Mediheal Dress Code Mask Violet Review:
Admittedly, I did buy this mask due to its pretty masquerade design. Gimmicky, but it totally works in piquing the interests of potential customers. There are a few variations, but I ended up choosing this specifically as I usually prefer moisturizing, hydrating and/or soothing sheet masks over others. So, does this mask actually stand out besides its entertaining design?
+ Mediheal’s Dress Code Violet (Tone-Up Care/Wrinkle Care) contains several high quality berry oils and extracts.
+ The mask effectively brightens and revitalizes the skin.
+ It efficiently aids in treating exhausted and stressed skin with its natural berry aroma which makes the skin develop healthier cells.
+ It also leaves the skin properly moisturized to keep the skin looking smooth and soft with hyaluronic acid.
+ Trehalose, acai berry extract, pomegranate extract and mulberry extract tone up essence gives vitality on tired skin.
+ Natural moisture particles from hyaluronic acid, hydrolysed collagen and panthenol also balances the skin’s moisture levels, giving elastic moisture care.
Water, Glycerin, Butylene Glycol, Sodium Hyaluronate, Hydrolyzed Collagen, Xanthan Gum, Carbomer, Tocopheryl Acetate, Disodium EDTA, Panthenol, Trehalose, Betaine, Aloe Barbadensis Leaf Juice, Olea Europaea (Olive) Fruit Extract, Opuntia Ficus-Indica Extract, Vaccinium Angustifolium (Blueberry) Fruit Extract, Euterpe Oleracea Fruit Extract, Lavandula Angustifolia (Lavender) Flower Water, Hamamelis Virginlana (Witch Hazel) Extract, Myrciaria Dubia Fruit Extract, Morinda Citrifolia Extract, Punica Granatum Fruit Extract, Ficus Carica (Fig) Fruit Extract, Morus Alba Fruit Extract, Ginkgo Biloba Nut Extract, Methylparaben, Portulaca Oleracea Extract, Beta-Glucan, Allantoin, Triethanolamine, Polysorbate 80, Adenosine, Fragrance.
Link to Cosdna
Now, as the mask is chock full of pretty neat extracts, I can’t possibly fit everything in (without dying of exhaustion), so I’ll just highlight the noted ingredients mentioned in the product claims above.
Sodium Hyaluronate: Hydrating; a humectant which (ideally) draws H2O from the surroundings into the skin.
Hydrolyzed Collagen: Enhances the appearance of dry or damaged skin by reducing flaking and restoring suppleness.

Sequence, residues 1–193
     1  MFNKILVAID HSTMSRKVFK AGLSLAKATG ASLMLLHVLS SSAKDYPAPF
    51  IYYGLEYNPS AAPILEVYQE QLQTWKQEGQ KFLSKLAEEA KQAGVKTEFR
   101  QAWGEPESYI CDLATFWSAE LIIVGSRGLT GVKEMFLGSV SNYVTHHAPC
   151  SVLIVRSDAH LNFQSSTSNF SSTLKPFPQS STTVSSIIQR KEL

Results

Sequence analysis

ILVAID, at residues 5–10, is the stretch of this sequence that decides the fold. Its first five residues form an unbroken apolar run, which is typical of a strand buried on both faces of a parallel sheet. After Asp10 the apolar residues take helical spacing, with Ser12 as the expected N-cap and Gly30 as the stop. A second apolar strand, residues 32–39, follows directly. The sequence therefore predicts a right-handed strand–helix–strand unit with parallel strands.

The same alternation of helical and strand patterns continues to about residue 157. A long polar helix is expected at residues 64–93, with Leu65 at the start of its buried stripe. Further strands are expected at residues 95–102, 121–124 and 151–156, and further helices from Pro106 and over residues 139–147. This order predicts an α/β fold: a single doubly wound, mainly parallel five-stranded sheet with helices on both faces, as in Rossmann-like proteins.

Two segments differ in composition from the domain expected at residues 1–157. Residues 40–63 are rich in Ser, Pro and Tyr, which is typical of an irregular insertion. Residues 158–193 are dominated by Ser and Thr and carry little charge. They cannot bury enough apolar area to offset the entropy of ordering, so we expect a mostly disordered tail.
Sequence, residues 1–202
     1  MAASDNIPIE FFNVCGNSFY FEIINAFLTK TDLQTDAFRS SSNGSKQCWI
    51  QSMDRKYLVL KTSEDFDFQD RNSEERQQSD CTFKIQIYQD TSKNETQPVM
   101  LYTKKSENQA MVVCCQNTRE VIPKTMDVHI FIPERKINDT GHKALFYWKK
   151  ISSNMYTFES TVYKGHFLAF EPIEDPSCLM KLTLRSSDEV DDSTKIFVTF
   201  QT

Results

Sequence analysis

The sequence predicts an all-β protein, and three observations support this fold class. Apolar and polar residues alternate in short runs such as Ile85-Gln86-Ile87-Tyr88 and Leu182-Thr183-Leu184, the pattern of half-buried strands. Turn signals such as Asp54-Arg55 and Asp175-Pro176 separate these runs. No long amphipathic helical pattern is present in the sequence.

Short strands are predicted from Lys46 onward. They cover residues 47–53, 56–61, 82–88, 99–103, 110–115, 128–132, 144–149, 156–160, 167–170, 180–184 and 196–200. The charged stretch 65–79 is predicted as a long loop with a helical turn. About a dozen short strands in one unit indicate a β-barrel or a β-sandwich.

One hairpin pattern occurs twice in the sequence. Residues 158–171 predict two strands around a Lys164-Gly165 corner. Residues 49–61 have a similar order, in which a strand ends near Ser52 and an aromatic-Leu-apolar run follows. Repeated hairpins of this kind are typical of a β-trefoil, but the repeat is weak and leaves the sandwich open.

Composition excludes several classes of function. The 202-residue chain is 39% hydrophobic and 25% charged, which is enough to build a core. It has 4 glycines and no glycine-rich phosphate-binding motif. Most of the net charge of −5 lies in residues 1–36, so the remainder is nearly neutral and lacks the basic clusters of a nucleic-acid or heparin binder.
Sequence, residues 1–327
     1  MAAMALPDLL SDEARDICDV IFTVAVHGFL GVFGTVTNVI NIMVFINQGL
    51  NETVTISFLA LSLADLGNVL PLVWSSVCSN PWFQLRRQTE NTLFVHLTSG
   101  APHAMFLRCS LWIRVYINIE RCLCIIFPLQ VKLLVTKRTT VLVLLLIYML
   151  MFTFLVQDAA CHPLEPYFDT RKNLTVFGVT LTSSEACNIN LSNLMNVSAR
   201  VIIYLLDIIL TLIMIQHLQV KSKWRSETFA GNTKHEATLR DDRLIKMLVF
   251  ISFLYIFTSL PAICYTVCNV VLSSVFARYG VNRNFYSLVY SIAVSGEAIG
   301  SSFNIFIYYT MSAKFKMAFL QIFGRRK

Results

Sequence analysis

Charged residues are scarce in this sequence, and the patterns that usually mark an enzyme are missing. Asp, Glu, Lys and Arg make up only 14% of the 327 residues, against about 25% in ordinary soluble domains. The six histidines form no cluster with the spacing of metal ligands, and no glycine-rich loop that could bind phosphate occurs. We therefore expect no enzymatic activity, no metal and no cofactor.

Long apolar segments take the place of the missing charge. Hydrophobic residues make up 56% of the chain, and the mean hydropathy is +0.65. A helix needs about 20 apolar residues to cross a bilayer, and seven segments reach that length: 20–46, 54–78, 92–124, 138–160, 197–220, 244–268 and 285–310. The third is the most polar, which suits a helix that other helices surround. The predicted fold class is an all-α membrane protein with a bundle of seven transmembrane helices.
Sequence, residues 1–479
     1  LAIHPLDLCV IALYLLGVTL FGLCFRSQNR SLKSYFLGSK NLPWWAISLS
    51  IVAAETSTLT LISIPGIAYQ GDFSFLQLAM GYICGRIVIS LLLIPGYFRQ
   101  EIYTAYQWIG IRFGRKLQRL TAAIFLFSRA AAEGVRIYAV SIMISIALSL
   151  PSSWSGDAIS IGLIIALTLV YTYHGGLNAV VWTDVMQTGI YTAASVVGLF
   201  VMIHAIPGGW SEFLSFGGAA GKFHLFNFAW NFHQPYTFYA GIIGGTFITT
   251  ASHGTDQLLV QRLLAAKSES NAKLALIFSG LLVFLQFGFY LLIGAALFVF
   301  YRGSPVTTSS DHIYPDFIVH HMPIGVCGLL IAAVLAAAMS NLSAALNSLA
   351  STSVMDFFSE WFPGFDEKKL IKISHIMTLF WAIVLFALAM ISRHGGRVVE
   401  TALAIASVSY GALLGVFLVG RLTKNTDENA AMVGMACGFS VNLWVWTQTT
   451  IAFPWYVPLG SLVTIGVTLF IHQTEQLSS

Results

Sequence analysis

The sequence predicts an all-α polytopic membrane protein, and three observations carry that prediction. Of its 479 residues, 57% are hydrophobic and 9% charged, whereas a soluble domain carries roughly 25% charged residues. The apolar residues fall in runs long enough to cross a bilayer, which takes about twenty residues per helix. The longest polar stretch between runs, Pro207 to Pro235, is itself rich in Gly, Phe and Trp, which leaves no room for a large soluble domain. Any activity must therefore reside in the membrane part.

Panthenol: Also known as pro-vitamin B5. Used primarily as a humectant as it has the ability to attract and retain moisture.
Trehalose: Is a type of sugar found in plants, fungi and invertebrate animals. Functions as a hydrator due to its water-binding abilities, and also works as an antioxidant.
Euterpe Oleracea Fruit Extract: Also known as acai berry extract. Rich in antioxidants and vitamins A, B, C, and E. Hence, provides anti-aging benefits while also assisting in healing damaged skin cells and restoring moisture.
Punica Granatum Fruit Extract: Also known as pomegranate extract. Naturally contains high levels of vitamin C and antioxidants which help prevent cell damage. Also assists in repairing sun damaged and aging skin.
Morus Alba Fruit Extract: Also known as mulberry extract. Rich in antioxidants, and also contains resveratrol which protects the skin from harmful UV rays.
How to use:
1. After cleansing and toning, apply the mask.
2. Leave on for 10-20 minutes.
3. Remove the mask and pat in the leftover essence for absorption.
*Recommended to use 2-3 times a week for 4 weeks considering the skin’s average turnover rate.
My Skin Type: Sensitive (prone to redness), Combination, Acne-prone, Dehydrated
Mediheal Dress Code Mask Violet Review:
Okay, so the design on this packaging and the sheet mask itself still makes me happy just from the photos because it is very much entertaining (that, and I just enjoy the idea of masquerade parties to this day). In terms of the mask material, I found it relatively thin and that it clung well to my skin.
The masquerade designs are inked in, so it just feels like a regular sheet mask. It fit my facial contours decently, but as always, too short for the forehead area (a problem I’m used to with most masks). However, it did keep slipping down my eyelid area so that was a bit of a discomfort.
Wearing it at the maximum recommended time of 20 minutes, I did notice the scent to be on the mild-moderate side. For some reason, it reminded me of the scent of oregano – basically a “spicy”/herbal scent. I wasn’t bothered by it too much, but it’s definitely not my favorite scent.
During wear, it felt soothing at first, but at one point, I did notice some slight ‘burning’ sensations. Not enough to hurt, but it just felt weird and a bit alarming… first, it was at the non-inked areas, but then I felt some “tickles” at the inked area at the top of my eyebrow. Kind of weird.
Taking the mask off, my face did look a shade or two brighter, which was a nice surprise (because I wasn’t expecting much, to be honest). Skin also felt more hydrated and plumped with moisture where prior to masking, it was quite dehydrated.
Patting in the remaining essence (as there was a lot of leftover in the sachet after use), I did notice the essence being on the thinner side. However it is not drippy at all and absorbs well into the skin.
But, well, as much as I wanted to like it, the weird sensations I experience during the masking session came back to haunt me the next day in the form of small pimples near my eyebrow area – the exact same area I felt “tickles” at.
So, that’s… sad. Also, just a note that the effects of hydration/brightening I experienced right after taking off the mask did not last overnight at all.
Hence, I would probably rate this a 2.5/5. I was initially going to rate it a decent 3, but I just feel that docking a half mark due to the odd sensations during masking and the appearance of the small pimples the next day was well deserved. However, as always, YMMV!
Where to buy:
Have you tried Mediheal Dress Code Mask Violet?
Do share your thoughts in comments.
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